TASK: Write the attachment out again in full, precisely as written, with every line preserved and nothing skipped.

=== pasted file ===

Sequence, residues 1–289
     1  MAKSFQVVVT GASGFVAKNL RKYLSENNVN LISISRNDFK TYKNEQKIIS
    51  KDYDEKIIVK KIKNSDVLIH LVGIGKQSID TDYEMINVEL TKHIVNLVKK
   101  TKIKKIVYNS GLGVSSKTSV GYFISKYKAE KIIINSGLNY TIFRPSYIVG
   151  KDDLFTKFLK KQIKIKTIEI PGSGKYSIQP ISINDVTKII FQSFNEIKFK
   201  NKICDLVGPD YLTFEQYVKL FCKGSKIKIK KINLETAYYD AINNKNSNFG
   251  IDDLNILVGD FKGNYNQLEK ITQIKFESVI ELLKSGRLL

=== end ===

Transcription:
Sequence, residues 1–289
     1  MAKSFQVVVT GASGFVAKNL RKYLSENNVN LISISRNDFK TYKNEQKIIS
    51  KDYDEKIIVK KIKNSDVLIH LVGIGKQSID TDYEMINVEL TKHIVNLVKK
   101  TKIKKIVYNS GLGVSSKTSV GYFISKYKAE KIIINSGLNY TIFRPSYIVG
   151  KDDLFTKFLK KQIKIKTIEI PGSGKYSIQP ISINDVTKII FQSFNEIKFK
   201  NKICDLVGPD YLTFEQYVKL FCKGSKIKIK KINLETAYYD AINNKNSNFG
   251  IDDLNILVGD FKGNYNQLEK ITQIKFESVI ELLKSGRLL